Afua Richardson: The “Docta” is in. Rarely does talent of such a degree manifest in the form of one person. With Afua Richardson, talent seems to be on a first name basis. Capturing readers imagination with images pulled from the far corners of her psyche and breathing life into scripts with a visual flair that displays incredible control, she is poised to make the industry and fans take notice in a big way. Afua, winner of the Nina Simone Award (2011), is best known for her work on Top Cow Productions‘ Pilot season winning comic book Genius ( Marc Bernardin, Adam Freeman (A)Afua Richardson (COV) Afua Richardson Alexander, Hannibal, Napoleon, Patton). Marvel Comics, DC Comics and Image Comics all have also had the benefit and privilege of having her work on some of their titles as well. Known in some circles as “Docta Foo”, Ms. Richardson took time out of a busy schedule to share a bit about her art, talents, the industry and what is up next for the Docta!
MT: Growing up with two artistic parents and in an artistic household, you must have experienced an incredible exposure to different kinds of art and music. How did that experience and your music inform your visual art? What ultimately drew you to comics?
AR: My parents were quite the A-typical types. Military Officers. My father a physicist and teacher. Yet he didn’t share much with me about HOW to draw or paint. He’d just essentially give me the tools and left me to my own devices. Sometimes we’d go out ( when we had a car) and drive around to identify types of trees and their ailments ” Sycamore, gypsy moth….Maple, compact roots..ginko…it just smells funny) . All while listening to Coltrane, Sarah Vaughn, Fitzgerald, Nat King Cole. The greats. He encouraged me to join the band when i was 9. Against my awful judgement , i picked up the flute instead of the saxophone which became a 2nd voice for me. he also gave me these collections of 45s, a lil record player and some giant beige headphones and i’d dance around my lil room like i was in my own video. He also made me consider perhaps religion and science were 2 sides of the same coin. He’s tell me stories and draw the comparison to Shakespeare, greek mythology and stories in the cosmos. Great dream fuel. My big sister i think was the biggest contributor. Even today, she encourages me almost every day. She’s an engineer and professor. I seem to be the reverse of most of my family. Scientist who do art on the side. I have a secret obsession with nutrition and ancient esoteric things.
What ultimately drew me to comics? hmm. I sort of fell into it i think. I was a professional singer. Background vocals, song writer, performer, voice actor. But Art was something I did for myself, and i never like to 1/2 do things. If i’m going to spend time doing it, I might as well do it well (or at least try to better myself and enjoy the process). Inbetween tours I’d get office jobs and bartending jobs. At some point I hit a dry spell and my good friend Brandon Graham asked if I wanted to take a stab at drawing a lil 10 pg black n white comic for NBM publishing. I had so many kinds of jobs i figured why not. I thought i wasn’t any good at anything to be honest. New York is full of so many AMAZING kinds of people. How would a lil gal like me really make any difference? I joined forums and looked up tutorials and kept drawing what I enjoyed. Occasionally landing a cover here, A few pages there. Then, after going to a convention I met Marc Silvestri of Top Cow Productions and they gave me a shot. Sometimes that’s all you need.
MT: Your work always features such vibrant colors and incredible line work. On Top Cow Entertainment’s Genius, you were credited with the art. In terms of discipline do you consider yourself to be a penciler/sequential artist, colorist, inker, cover artist or all of the above? If all of the above, have you considered rounding out the package by taking on writing duties as well at some point? What is your preferred method of art creation (pencils, paints, digital)? Which part of the process do you find the most enjoyable?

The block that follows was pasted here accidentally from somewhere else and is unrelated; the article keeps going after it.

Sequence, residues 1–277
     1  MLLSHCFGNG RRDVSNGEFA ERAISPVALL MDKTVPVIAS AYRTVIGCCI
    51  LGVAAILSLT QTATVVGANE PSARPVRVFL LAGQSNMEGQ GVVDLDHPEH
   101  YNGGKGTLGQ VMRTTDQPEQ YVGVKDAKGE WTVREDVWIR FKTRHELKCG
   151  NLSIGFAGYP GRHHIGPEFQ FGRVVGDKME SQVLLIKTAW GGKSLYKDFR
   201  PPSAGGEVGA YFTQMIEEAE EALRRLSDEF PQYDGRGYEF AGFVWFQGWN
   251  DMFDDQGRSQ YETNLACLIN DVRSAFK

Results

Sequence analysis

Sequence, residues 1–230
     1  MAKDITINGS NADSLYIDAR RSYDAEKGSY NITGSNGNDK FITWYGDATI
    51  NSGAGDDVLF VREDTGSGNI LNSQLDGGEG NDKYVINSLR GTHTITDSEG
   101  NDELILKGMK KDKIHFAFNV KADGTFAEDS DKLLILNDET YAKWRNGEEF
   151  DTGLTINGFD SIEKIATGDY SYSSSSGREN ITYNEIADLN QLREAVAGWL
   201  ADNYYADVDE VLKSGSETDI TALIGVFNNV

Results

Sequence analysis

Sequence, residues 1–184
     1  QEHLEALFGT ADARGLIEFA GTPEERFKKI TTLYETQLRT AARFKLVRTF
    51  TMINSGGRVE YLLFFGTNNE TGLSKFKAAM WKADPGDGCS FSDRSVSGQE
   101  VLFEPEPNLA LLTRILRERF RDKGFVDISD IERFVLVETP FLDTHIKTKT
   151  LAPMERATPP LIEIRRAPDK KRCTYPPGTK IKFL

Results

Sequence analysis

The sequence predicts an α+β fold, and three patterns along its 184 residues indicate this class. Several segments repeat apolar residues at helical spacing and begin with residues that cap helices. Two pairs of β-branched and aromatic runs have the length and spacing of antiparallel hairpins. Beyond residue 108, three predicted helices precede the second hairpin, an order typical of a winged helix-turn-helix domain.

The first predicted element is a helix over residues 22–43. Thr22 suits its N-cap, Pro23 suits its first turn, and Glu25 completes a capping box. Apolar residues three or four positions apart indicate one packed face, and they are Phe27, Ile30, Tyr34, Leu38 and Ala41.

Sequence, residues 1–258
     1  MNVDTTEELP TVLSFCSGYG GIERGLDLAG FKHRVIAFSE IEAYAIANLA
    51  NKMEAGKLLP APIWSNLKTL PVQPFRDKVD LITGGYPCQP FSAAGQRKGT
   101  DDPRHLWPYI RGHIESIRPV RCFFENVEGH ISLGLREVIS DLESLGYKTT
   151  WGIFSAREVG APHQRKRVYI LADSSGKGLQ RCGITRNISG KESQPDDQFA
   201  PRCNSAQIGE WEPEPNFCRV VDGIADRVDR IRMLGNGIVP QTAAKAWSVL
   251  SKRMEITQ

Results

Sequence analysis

AR: Well thank you for the kind words. I’ve always been a lover of color. I feel as if i almost experience a type of synesthesia when I draw. Colors to me have sounds and temperature ( especially when I’m sleepy) Its not something I experience all the time but Colors for me are more than about just setting the mood. Its conjuring emotions, memories and calling on those parts of me hidden. In my close kept dreams I hope I can do the same for others, so I take great pains to make sure my color pallets are harmonious. I am not a very good inker but I’m working on that. My pencils are incredibly messy and i think I lack the patience for clean pencil work. (or the table space) I feel like I’m more of a cover artist than anything else. But I’m trying to be a better overall penciler, inker , colorist and sequential artist. Soon, after a few projects have been put to bed, I’ll work on coloring other people’s work. There I think the real test begins ;p
Most enjoyable part? It would have to be finishing the damn thing. (Hahaha) I enjoy going from concept to final. Once I scan my pencils in and start feeling like I know what i’m doing (and see the finish line soon in site) that’s a good feeling. I am currently writing a few projects. I’ll share them when they’re closer to completion however. I’ve got a few things in the ole holster that i’ve got to fire off 1st ;]
MT: You were a recipient of the Nina Simone Award for being one of a few African American female creators to work with Marvel Comics, DC Comics, and Image Comics. What, in your opinion, can be done in terms of the industry to make this fact not happen to be such an anomaly? What can be done to encourage female and people of color to pursue creating comic books? Can you share a bit about what receiving this award means to you?
AR: Nina Simone was an activist, musician, icon, singer and song writer. Just having her name in the same sentence as mine is an honor ALONE. ( chuckles) It validated my dream to be honest. The recognition was enormous for me. I often wondered if I was cut out for this sort of thing. It told me basically to continue to hone my craft and let my work speak for me. That is what I will encourage creators of any background to do. Put yourself through rigid critique, Identify the good in your work and really do research in the things you are creating. That will speak volumes. Don’t worry about what exists already, be concerned with what service your creation provides. Don’t let being a person of color be a impediment. if there is no way and you feel like you’re not being hired, make your OWN way. There are so many ways these days to put out a comic. Just be consistent and constantly reinventing yourself. The DC’s and Marvels of the world will come to YOU.